addressalign-toparrow-leftarrow-rightbackbellblockcalendarcameraccwcheckchevron-downchevron-leftchevron-rightchevron-small-downchevron-small-leftchevron-small-rightchevron-small-upchevron-upcircle-with-checkcircle-with-crosscircle-with-pluscontroller-playcrossdots-three-verticaleditemptyheartexporteye-with-lineeyefacebookfolderfullheartglobegmailgooglegroupshelp-with-circleimageimagesinstagramFill 1light-bulblinklocation-pinm-swarmSearchmailmessagesminusmoremuplabelShape 3 + Rectangle 1ShapeoutlookpersonJoin Group on CardStartprice-ribbonprintShapeShapeShapeShapeImported LayersImported LayersImported Layersshieldstartickettrashtriangle-downtriangle-uptwitteruserwarningyahoo

The Williamsburg Book Club Message Board › TIME TO VOTE: MARCH

TIME TO VOTE: MARCH

Closed to new replies

Greg
user 7357981
Brooklyn, NY
The poll to vote for March's selection is up until next Tuesday morning (1/22). Descriptions below, vote here­.

Madame Bovary by Gustave Flaubert (384 pgs)

Gustave Flaubert (1821–1880) is counted among the greatest Western novelists. He is known especially for the masterpiece Madame Bovary, and for his scrupulous devotion to his art.The story focuses on a doctor's wife, Emma Bovary, who has adulterous affairs and lives beyond her means in order to escape the banalities and emptiness of provincial life. Though the basic plot is rather simple, the novel's true art lies in its details and hidden patterns. Flaubert was notoriously a perfectionist about his writing and claimed always to be searching for le mot juste ("the right word"). The novel was attacked for obscenity by public prosecutors when it was first serialized, resulting in a trial that made the story notorious. After the acquittal, it became a bestseller when it was published as a book, and nowstands virtually unchallenged not only as a seminal work of Realism, but as one of the most influential novels of all time.

Things Fall Apart by Chinua Achebe (209 pgs)

Things Fall Apart tells two intertwining stories, both centering on Okonkwo, a “strong man” of an Ibo village in Nigeria. The first, a powerful fable of the immemorial conflict between the individual and society, traces Okonkwo’s fall from grace with the tribal world. The second, as modern as the first is ancient, concerns the clash of cultures and the destruction of Okonkwo's world with the arrival of aggressive European missionaries. These perfectly harmonized twin dramas are informed by an awareness capable of encompassing at once the life of nature, human history, and the mysterious compulsions of the soul.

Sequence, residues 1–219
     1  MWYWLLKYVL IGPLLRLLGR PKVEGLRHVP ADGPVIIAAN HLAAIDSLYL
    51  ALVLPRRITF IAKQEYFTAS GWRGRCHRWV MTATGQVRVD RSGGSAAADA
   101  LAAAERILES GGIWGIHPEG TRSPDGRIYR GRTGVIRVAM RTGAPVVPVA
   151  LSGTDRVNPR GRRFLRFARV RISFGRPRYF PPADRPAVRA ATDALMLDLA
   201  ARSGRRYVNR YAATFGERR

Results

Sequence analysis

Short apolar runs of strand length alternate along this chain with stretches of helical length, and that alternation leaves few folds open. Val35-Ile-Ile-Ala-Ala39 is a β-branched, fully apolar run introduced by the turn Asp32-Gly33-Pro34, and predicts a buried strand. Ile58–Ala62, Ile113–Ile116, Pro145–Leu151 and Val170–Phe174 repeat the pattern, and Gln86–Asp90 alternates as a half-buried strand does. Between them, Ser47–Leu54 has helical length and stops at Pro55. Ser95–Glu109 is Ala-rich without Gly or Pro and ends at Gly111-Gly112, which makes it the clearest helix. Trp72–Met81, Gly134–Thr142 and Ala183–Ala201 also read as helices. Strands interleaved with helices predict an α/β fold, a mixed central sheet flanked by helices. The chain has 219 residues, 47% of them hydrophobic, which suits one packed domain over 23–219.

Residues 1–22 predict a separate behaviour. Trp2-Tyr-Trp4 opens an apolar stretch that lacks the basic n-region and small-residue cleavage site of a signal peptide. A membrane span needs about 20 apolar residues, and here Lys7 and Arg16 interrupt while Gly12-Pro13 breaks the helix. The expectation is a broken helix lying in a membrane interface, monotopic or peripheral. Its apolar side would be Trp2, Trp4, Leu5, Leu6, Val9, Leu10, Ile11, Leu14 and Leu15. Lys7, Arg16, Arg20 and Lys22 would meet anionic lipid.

Pastoralia by George Saunders (208 pgs)

Saunders's extraordinary talent is in top form in his second collection (after CivilWarLand in Bad Decline), in which his vision of a hellishly (and hopefully) exaggerated dystopia of late capitalist America is warmed and impassioned by his regular, irregular and flat-out wacky characters. Merging the spirit of James Thurber with the world of the Simpsons, Saunders's five stories and title novella feature protagonists who are losers yet also innocent dreamers. These characters may not have much, but they do possess the author's compassion, and so are enigmas of decency enshrouded in dark, TV-hobbled dumbness. Saunders, with a voice unlike any other writer's, makes these losers funny, plausible and absolutely winning.


The Collected Works of Scott McClanahan Vol. 1 by Scott McClanahan
"When I discovered the stories of Scott McClanahan last year, I was instantly enthralled with his natural storytelling voice and freaky funny tales. There's no pretense to Scott's work. It's like you're just dropped right into the middle of these fantastic and true stories. It's like a sweet blend of my favorite southern writers, Larry Brown and Harry Crews. Reading McClanahan is like listening to a good friend telling you his best real-life stories on yourback porch on a humid night. And you both got a nice whiskey buzz going." -Kevin Sampsell, author of A Common Pornography

Powered by mvnForum

People in this
Meetup are also in:

Sign up

Meetup members, Log in

By clicking "Sign up" or "Sign up using Facebook", you confirm that you accept our Terms of Service & Privacy Policy